School MUST change, and that's why each one of these websites are popular at the web. And it must be free, because school can't turn web-based if many people can't even acess it. If Khan Academy, Youtube or Duolingo were paid, the students who can barely acess the internet won't be able to learn.

Thanks a lot for answering. That made me a lot more calm. Also, sorry for my bad english, I know I'm not a good english speaker yet :(

October 31, 2015

First, let me say your English is excellent.

I'm not sure exactly what form education will take in the near future but it definitely will be different from the industrial model that we use now that was developed over a hundred years ago.

It is good to see you intend on adapting to the new modes and exploit the advantages they offer. Those students who sit passively, waiting to have knowledge forced into them, will end up social and economic road kill.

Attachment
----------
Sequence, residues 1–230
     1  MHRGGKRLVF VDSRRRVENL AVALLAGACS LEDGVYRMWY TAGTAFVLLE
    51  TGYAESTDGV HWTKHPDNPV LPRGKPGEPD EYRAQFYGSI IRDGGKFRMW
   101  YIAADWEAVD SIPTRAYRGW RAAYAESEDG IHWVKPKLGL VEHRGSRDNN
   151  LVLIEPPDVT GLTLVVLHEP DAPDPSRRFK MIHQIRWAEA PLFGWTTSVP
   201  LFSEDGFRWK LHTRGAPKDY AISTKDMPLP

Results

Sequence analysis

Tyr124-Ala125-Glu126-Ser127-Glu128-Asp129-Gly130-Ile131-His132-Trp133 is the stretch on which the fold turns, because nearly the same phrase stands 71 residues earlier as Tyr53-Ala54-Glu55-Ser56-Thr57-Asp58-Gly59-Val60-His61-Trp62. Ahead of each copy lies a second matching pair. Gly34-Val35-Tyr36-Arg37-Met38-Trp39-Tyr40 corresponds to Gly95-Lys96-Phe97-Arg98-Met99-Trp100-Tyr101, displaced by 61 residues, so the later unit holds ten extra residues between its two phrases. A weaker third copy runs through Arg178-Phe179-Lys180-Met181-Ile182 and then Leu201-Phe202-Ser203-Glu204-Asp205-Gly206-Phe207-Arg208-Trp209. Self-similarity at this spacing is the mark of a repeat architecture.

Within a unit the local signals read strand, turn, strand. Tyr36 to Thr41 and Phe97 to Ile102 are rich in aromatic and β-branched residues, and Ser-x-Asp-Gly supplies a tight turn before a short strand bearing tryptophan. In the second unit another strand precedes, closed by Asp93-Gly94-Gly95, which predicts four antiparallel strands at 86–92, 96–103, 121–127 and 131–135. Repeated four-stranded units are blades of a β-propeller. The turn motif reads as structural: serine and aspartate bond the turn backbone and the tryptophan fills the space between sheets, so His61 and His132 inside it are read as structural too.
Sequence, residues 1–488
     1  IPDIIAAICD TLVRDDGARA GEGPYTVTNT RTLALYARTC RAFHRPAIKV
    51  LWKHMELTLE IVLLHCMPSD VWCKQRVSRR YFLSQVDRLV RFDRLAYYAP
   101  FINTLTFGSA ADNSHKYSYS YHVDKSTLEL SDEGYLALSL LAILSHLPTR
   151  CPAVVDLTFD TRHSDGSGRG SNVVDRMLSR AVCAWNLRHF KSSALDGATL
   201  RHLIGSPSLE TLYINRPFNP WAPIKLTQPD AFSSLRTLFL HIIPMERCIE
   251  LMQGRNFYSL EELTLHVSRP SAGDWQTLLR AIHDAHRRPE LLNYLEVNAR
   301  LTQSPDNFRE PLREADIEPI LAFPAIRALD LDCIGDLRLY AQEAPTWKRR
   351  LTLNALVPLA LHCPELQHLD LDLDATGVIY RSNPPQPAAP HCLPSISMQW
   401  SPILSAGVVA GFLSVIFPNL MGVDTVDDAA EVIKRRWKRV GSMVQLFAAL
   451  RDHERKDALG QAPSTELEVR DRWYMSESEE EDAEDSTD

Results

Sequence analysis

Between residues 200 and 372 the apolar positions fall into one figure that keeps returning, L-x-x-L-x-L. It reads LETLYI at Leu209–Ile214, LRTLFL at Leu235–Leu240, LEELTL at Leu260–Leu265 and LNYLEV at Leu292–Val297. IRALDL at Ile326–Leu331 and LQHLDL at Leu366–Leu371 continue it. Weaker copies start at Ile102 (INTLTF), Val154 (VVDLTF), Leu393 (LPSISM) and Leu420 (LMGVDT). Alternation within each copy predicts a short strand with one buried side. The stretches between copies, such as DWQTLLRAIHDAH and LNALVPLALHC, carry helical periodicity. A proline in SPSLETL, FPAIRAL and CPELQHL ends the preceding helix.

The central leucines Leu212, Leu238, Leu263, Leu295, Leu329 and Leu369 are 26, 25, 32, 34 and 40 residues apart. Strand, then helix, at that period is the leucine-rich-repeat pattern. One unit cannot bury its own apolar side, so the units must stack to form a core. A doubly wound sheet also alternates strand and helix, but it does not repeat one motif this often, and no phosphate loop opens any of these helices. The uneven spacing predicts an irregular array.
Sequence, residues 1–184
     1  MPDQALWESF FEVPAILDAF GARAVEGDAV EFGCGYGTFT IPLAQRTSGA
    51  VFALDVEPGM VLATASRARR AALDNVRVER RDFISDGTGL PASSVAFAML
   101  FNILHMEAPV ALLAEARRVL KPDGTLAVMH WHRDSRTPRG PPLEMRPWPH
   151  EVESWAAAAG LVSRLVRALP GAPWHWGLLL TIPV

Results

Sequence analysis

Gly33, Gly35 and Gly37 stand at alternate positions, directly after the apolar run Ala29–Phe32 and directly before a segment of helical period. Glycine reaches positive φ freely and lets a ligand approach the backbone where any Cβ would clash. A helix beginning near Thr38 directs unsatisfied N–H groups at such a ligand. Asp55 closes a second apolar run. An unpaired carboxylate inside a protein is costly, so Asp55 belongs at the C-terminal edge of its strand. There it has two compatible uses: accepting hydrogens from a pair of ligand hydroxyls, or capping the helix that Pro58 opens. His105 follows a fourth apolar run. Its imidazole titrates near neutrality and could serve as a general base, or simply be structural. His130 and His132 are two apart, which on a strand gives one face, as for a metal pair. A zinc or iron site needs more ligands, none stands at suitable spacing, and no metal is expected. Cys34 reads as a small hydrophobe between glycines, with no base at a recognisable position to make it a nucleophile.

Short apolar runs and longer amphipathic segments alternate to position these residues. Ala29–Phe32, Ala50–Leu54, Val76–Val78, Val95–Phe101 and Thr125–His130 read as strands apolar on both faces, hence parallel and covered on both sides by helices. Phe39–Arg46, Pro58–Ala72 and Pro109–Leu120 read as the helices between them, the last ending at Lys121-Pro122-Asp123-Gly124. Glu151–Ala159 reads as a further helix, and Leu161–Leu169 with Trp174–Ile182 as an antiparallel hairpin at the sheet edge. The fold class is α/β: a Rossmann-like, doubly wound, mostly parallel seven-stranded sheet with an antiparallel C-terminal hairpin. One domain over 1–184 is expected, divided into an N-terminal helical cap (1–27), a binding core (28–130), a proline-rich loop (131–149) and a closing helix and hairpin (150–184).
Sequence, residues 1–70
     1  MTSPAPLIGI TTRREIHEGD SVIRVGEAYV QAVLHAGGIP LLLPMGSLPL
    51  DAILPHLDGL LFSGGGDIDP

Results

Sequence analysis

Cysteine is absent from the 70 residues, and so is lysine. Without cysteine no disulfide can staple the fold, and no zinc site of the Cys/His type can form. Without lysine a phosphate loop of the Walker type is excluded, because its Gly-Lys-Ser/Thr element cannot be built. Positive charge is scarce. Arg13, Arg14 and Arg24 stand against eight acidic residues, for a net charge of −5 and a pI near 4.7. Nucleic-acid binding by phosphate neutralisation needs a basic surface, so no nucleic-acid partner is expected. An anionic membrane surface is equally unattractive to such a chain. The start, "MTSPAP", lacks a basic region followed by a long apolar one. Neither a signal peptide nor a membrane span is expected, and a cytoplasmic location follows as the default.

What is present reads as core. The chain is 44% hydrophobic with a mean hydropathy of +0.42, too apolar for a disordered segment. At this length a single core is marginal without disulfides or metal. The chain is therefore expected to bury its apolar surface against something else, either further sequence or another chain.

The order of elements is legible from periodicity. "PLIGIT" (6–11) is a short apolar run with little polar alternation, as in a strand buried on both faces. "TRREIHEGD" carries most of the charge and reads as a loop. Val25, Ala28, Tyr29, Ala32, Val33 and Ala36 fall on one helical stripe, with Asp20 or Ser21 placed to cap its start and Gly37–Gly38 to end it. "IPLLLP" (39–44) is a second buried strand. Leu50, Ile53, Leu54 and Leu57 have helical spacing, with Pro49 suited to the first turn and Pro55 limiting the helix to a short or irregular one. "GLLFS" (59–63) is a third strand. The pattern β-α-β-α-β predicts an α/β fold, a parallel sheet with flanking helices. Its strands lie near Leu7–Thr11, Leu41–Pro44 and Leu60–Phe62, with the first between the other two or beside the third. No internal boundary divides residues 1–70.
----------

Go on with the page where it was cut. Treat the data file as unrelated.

F.W.I.W. German is relatively easy for English speakers. It has a lot of compound words but if you know the root words that are combined to make them, they are not as hard as they look. Even better, English speakers consider almost all German words to sound pretty much like they look like they should. They can even figure out how to spell a German word they don't know and have never heard before, a good part of the time. Not so true for French, say, even though a lot of the vocabulary overlaps. Of course German does have a dozen words for the which means a lot of memorizing, of this and other material, in the beginning but it is pretty logically constructed.

November 1, 2015

Thanks for the praise about my english :D

German has lots of big words, but most of them, as you said, are all connected and together. As an example, the word "Wohnzimmer" didn't take me so long to learn, because I knew "Wohnung" and "Zimmer", so it becomes easy when you learn more. That whole story that tells that German is difficult, or even the most difficult language is turning into a lie right now.

I imagine that english speakers learning german is the same that portuguese, spanish or even italian speakers learning french. We have similar words, but a lot of them are completely different and maybe dangerous false-friends (idk if you call like this). Anyway, learn spanish or italian is easy because root words are exactly the same. We have a high compatibility between these 3 languages, and also some words have kind of a "pattern" of translation.